J wrote
at 21:16:55 on 15 September 2016
Tahir - with your housing law expertise and legal connections, it's unfortunate you can't get out of your own situation. You said you're in wildly unsuitable accommodation AND Salix are desperate to evict you and you're fighting it. It's a shame a landlord desperate to evict a tenant and a tenant desperate to leave can't work something out. If they did evict you, wouldn't that make you involuntarily homeless and with a priority need with your disability?
Sharon Hooley (Independent Housing Advocate & Activist) wrote
at 04:37:29 on 15 September 2016
@Evan Pritchard, What can I say? I'm very much saddened to read that somewhere on the line Mr Chakotia`s sound advice and communication to the homeless at Ducie Bridge Pub got lost.// I know Mr Chakotia very well and yes he is very ill indeed. So there was no way of contacting the homeless as he had no info.// And for Activists to be called "lifestyle choice" I find very offensive personally. I didn't choose to be raped at 24... I didn't choose to land on the streets after a mental breakdown. I didn't choose to have a bike accident or become disabled and I certainly didn't choose to live with pain 24/7. But what I did choose was to use my past and my experiences to put back into society and refuse to be the victim of circumstances and help others. Rant over!
Tahir Chakotai (Independent Housing Advocate) wrote
at 07:25:12 on 14 September 2016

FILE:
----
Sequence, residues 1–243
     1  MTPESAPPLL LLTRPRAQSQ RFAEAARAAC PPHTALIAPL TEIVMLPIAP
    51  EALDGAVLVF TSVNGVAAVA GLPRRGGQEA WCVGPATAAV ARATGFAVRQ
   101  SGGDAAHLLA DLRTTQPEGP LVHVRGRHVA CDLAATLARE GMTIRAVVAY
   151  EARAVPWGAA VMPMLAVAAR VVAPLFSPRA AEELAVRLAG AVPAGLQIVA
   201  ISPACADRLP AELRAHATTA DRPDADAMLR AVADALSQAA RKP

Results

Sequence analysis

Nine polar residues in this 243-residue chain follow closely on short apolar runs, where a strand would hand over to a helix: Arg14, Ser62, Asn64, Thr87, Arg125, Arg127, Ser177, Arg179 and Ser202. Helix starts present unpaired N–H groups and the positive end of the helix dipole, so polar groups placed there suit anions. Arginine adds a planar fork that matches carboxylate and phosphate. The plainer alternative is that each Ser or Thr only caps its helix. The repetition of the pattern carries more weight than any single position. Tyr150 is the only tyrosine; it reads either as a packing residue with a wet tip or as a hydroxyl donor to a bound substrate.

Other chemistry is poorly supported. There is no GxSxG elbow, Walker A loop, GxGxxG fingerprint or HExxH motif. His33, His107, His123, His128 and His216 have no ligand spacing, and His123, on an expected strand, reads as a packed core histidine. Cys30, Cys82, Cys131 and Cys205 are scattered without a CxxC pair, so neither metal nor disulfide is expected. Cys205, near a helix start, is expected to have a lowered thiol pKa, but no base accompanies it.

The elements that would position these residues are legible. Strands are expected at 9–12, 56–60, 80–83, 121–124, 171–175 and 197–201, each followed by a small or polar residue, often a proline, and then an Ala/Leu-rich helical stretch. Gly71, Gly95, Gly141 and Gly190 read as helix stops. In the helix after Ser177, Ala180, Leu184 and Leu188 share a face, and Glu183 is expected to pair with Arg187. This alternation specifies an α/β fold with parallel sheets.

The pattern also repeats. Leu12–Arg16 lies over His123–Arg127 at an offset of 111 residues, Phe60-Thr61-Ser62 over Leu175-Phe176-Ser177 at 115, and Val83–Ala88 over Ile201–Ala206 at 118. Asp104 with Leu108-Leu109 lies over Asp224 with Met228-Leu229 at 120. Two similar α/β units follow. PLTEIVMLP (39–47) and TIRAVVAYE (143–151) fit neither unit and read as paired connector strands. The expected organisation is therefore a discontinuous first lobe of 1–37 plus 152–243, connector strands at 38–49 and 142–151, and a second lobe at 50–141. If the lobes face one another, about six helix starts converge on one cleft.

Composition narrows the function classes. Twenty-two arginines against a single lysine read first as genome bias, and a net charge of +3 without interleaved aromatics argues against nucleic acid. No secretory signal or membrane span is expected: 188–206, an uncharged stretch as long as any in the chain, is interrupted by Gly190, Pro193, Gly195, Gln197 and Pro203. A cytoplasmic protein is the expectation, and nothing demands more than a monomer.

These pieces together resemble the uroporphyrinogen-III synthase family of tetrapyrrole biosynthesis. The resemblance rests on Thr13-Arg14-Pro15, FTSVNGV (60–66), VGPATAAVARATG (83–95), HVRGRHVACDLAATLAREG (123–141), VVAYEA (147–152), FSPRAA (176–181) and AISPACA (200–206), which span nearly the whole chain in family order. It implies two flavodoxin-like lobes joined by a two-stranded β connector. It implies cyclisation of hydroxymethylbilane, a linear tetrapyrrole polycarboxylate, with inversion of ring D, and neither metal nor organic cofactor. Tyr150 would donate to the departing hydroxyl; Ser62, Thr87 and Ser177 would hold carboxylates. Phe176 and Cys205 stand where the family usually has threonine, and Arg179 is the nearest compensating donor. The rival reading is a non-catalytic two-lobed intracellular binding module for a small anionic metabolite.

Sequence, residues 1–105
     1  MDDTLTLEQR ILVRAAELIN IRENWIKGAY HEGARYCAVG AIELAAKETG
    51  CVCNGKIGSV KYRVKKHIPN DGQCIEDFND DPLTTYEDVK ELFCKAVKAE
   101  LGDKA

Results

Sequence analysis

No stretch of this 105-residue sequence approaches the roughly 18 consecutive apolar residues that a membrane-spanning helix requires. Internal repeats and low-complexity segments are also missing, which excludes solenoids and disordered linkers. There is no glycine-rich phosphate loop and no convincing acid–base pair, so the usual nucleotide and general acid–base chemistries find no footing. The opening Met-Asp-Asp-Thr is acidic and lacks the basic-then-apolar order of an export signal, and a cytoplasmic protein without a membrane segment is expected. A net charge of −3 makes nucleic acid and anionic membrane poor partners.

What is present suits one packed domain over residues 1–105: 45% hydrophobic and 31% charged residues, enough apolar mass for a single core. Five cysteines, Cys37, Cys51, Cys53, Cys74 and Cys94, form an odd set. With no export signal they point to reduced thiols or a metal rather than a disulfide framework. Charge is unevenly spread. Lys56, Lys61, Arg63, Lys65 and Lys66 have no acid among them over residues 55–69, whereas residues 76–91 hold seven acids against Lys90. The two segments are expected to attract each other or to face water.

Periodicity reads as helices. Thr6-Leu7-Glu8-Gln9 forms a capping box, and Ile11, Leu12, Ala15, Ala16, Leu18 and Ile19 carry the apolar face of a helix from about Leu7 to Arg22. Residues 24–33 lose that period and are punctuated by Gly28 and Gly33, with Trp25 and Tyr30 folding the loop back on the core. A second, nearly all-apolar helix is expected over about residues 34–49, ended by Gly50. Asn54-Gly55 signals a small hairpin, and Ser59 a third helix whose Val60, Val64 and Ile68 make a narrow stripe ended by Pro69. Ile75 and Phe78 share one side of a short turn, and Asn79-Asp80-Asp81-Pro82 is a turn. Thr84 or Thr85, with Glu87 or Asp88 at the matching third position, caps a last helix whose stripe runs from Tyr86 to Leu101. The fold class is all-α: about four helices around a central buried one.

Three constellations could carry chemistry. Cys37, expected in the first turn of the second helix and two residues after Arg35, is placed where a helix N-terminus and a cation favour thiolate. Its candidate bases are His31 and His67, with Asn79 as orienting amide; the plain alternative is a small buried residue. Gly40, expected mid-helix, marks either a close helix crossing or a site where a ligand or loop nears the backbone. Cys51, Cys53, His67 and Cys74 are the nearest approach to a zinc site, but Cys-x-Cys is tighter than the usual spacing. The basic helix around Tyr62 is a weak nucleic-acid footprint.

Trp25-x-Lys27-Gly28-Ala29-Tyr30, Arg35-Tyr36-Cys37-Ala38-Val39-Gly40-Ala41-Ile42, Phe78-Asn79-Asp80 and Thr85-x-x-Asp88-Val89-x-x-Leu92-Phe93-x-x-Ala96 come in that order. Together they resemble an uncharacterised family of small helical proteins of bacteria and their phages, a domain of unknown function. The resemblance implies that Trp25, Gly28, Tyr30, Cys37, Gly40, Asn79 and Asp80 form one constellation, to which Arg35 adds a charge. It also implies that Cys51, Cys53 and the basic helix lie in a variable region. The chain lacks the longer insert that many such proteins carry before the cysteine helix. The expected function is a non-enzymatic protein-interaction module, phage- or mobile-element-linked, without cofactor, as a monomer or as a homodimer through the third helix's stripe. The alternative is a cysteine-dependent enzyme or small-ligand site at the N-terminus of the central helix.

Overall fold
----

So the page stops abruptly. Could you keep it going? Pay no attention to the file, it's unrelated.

@Evan Pritchard. Dear Evan, I have to strongly disagree with your comment. These homeless people stated to the Judge, according to the Salford Star story, "that they needed two weeks to find some legal representation". Therefore the homeless requested to the Judge that "they would like the court case adjourned for two weeks until they were able to find someone to legally represent them". But the fact of the matter is Evan, I had found them a very capable solicitor, two weeks before the trial, who has won many cases for other homeless individuals, and I even asked her if she could take on the Ducie Bridge case. I enclosed her name, address and contact details, but obviously the homeless at the Ducie Bridge never contacted her, but then asked the Judge two weeks later "to adjourned their case until they could find some legal representation". In my opinion, their is absolutely no excuse for these homeless people to refuse free legal assistance, and then state to the court that "they had no legal support and needed two weeks to find a solicitor". I'm sorry Evan, but your statement, in my opinion, is totally ludicrous. I have defended, supported, and won hundreds of legal cases for the homeless, vulnerable, and disabled, in Salford, and have never known anyone, who desperately needs free legal help, to refuse it. I would now like to answer the second part of your comment. Who mentioned life style choices and activism? I certainly did not mention this at all. I happen to know that there are 300 activists within Salford and Manchester. Non of them do it as a lifestyle choice, and approximately 250 out of the 300 are working professionals. They do peaceful protests in their own time, and certainly do not do it as a "life style choice", but as a "necessity". In my opinion Evan, your talking complete and utter nonsense, and your certainly not making any sense. I would now like to address the third part of your comment. I happen to know that approximately 75 known activists, who are also professionals, were off work on Monday. I know this, because most of them are acquaintances of mine. But the only person that turned up to support these homeless individuals, was a Housing Advocate, who I trained, and is also a very good friend of mine, called Sharon Hooley, who is crippled, and suffers from various physical disabilities. I would now answer the last part of your comment, which I did find to be the most offensive part of your statement. I am "On My Last Legs". In other words there are days when I cannot even walk to my bathroom. However while in my sick bed, after falling and breaking my ribs, dislocating my shoulder, and ripping another ligament in my hip, I spent a whole day researching the Ducie Bridge case, and managed to type up a lengthy, but accurate counter claim, that could be used to defend the homeless within a court of law, which I have done for many a homeless person, over the years. I did this publicly, using the Salford Star as my medium, because I could not move out of my bed, to visit those squatting at the Ducie Bridge. I even asked the Editor of the Salford Star to pass on my details to the homeless at the Ducie Bridge, because I was genuinely concerned about their safety and welfare. So my apologies Evan, for being too physically disabled to walk to the Ducie Bridge, and talk to the homeless privately. I will try not to be so physically disabled next time. And as far as you offering them some advice privately, what is it that your advising them on? The only real workable solution, which I yet again, spent time typing up, was to attempt a Section 184. If they were successful using a Section 184 then the homeless at the Ducie Bridge would finally be rehoused. So Evan, in my opinion, it is obvious that you have complained about my comment, that you have not fully read and / or understood, and have completely talked nonsensical drivel, and in the process, insulted one of the only people in Manchester and Salford, who has successfully, on many occasions, rehoused and defended the homeless and vulnerable. You talk about doing things privately, when the homeless at the Ducie Bridge agreed to have the Salford Star feature their story on a public domain. I am very concerned that you are giving these homeless people housing advice, when you have made it abundantly clear, in my opinion, that you are incapable of understanding housing law, and other peoples comments on the Salford Star. I am one of the good guys. I have never said in any of my comments that people have to take my advice. In my opinion you have simply manipulated my comments to suit your own agenda. The only thing I took exception too, is the fact that the homeless at the Ducie Bridge claimed they had no one to support them legally, when in reality, I found a fantastic solicitor, who I have just won a case with, who does a great deal of work for free, in order to help and support the homeless within Manchester and Salford. In conclusion and in my opinion, I cannot see any reason why a desperate bunch of homeless people, would refuse to use accurate legal housing advise, combined with an amazing solicitor who was offering her services for free. I, like everyone else Evan, was under the impression that the homeless at the Ducie Bridge were desperate for some support and legal assistance. I supplied both of these requirements, but the homeless at the Ducie Bridge refused both. Therefore in my opinion, the homeless at the Ducie Bridge obviously did not want anyone to help or support them, which is why they now have 48hrs to vacate the premises. So if there was a reason for them to refuse an offer of legal assistance, I certainly cannot understand it, and I'm pretty sure no one else will be able to understand it either. All I know for certain is that the homeless, who currently reside at the Ducie Bridge, are now going to be evicted from the premises, with a Court Order to enforce it. So I will be looking forward, with the greatest of antisipation, to see how your private housing advice will help these homeless people find other secure and safe accommodation. Kindest Regards, Tahir Chakotai, (Independent Housing Advocate).